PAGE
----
I have a dataset consisting of rank data, some 100 cases and 2 groups. (The 2 groups contain about 1/3 and 2/3 of the cases.) I would like to test whether the two groups differ with respect to median rank. I used a Mann-Whitney U test. A colleague suggested that when there are many ties, a Kolmogorov-Smirnov test is more accurate. Is that so? To what extent? In any case, the M-W test shows statistical significance and the K-S does not, so my questions are two: (1) Do ties affect the alpha error rate in the M-W test or just the beta error rate? (2) How do the the K-S test (which tests more than just the median) and the M-W U test compare when attempting to detect diferences in median (with respect to power and alpha error)? In short, which test do I trust?
I'm not sure what the basis is for your colleague's claim -- but they should support the claims they make before you accept them as true -- there's an astonishing amount of misinformed folklore about. (How do they know that this is true? Do you have good reason to think it must be true in your case?)
Both tests assume$^\dagger$ continuous distributions and both are impacted by ties (however, it's relatively easy to deal with ties in the Mann-Whitney and some software will do so automatically).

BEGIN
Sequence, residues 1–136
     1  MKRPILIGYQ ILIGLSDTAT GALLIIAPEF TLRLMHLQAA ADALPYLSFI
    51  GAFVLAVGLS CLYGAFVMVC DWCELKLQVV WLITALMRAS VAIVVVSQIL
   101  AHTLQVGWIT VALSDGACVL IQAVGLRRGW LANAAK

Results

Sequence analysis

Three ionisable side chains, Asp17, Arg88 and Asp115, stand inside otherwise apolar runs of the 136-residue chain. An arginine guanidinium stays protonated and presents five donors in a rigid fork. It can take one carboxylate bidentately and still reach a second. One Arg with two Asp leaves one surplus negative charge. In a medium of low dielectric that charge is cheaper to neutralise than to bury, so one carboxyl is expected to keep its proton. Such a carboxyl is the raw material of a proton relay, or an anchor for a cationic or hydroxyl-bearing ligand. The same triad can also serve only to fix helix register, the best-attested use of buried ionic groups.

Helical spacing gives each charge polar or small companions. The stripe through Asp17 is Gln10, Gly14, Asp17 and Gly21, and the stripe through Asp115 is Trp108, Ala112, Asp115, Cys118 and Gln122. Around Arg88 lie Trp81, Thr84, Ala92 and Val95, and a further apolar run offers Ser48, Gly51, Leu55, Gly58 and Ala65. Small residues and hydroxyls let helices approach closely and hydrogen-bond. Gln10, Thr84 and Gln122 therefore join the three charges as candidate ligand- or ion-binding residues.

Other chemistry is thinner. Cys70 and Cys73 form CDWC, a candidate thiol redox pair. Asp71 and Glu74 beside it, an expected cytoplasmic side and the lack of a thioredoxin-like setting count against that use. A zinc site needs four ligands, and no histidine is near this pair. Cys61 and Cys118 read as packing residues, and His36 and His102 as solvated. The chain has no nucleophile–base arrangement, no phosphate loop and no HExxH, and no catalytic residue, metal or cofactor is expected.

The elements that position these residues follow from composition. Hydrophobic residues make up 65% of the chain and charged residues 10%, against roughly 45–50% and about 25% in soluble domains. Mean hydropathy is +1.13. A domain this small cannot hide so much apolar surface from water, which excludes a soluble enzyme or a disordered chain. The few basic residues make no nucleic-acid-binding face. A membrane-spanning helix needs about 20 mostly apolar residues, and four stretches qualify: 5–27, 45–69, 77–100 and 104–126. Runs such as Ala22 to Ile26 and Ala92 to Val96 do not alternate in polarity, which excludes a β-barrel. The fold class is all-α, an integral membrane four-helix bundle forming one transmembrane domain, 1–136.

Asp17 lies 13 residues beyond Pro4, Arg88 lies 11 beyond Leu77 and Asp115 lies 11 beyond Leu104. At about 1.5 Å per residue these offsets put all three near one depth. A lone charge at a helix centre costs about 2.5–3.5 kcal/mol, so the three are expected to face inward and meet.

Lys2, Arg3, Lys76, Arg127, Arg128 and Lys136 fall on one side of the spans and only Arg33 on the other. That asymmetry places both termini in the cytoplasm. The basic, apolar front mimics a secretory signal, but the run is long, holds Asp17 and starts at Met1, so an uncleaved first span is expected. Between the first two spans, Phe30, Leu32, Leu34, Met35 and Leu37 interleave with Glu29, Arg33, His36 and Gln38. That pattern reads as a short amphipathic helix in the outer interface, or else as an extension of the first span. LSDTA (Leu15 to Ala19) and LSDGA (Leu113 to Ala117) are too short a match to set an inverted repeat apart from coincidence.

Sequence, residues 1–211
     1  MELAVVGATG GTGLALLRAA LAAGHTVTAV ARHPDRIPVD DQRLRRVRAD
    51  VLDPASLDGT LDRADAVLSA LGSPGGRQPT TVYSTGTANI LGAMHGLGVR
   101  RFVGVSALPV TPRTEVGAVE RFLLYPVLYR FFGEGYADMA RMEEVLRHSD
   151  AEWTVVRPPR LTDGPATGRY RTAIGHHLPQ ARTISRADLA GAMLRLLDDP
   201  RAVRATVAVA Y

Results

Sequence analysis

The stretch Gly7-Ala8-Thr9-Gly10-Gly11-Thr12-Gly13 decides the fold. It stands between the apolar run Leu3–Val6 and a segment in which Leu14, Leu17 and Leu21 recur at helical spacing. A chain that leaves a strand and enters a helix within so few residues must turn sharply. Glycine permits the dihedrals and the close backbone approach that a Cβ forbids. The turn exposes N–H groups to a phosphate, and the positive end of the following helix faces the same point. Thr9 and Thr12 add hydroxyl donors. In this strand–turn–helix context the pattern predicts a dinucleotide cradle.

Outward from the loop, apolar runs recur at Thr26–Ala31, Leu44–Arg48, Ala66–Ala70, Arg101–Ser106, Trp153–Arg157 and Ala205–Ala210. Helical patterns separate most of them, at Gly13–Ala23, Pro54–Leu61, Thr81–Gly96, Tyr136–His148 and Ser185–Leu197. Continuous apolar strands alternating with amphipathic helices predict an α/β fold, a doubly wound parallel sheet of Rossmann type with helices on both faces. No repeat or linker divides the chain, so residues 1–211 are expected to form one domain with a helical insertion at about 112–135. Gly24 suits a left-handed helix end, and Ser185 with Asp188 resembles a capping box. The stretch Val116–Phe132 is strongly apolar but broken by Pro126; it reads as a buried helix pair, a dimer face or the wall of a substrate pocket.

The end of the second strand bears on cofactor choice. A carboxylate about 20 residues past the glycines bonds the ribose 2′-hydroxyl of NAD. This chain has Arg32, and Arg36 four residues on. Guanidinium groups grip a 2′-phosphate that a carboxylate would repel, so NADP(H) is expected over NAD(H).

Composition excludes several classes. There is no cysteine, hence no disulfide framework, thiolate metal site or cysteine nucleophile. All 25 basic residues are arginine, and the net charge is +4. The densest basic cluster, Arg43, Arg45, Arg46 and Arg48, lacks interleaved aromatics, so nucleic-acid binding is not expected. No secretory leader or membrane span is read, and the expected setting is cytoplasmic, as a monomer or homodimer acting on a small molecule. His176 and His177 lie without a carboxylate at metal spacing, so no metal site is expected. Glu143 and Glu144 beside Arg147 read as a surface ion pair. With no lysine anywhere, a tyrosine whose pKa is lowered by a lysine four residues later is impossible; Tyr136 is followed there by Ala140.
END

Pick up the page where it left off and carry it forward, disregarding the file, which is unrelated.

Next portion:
$\dagger$ Edit: To support my claim of the assumption of continuity in respect of the Mann-Whitney (since whuber says I am wrong on this point, I had better justify it), I refer to the beginning of Mann and Whitney (1947):
1. Summary. Let $x$ and $y$ be two random variables with continuous cumulative distribution functions $f$ and $g$.
So for Mann and Whitney's version of the test, they do explicitly assume continuity - and not idly, since they do rely on it in their derivation. However, it's possible (as I mention later) to deal with ties in the Mann-Whitney by working out the distribution of the test statistic at the null under the pattern of ties, or by correctly computing the effect of ties on the variance of the statistic under the normal approximation (what's usually referred to as the 'adjustment for ties').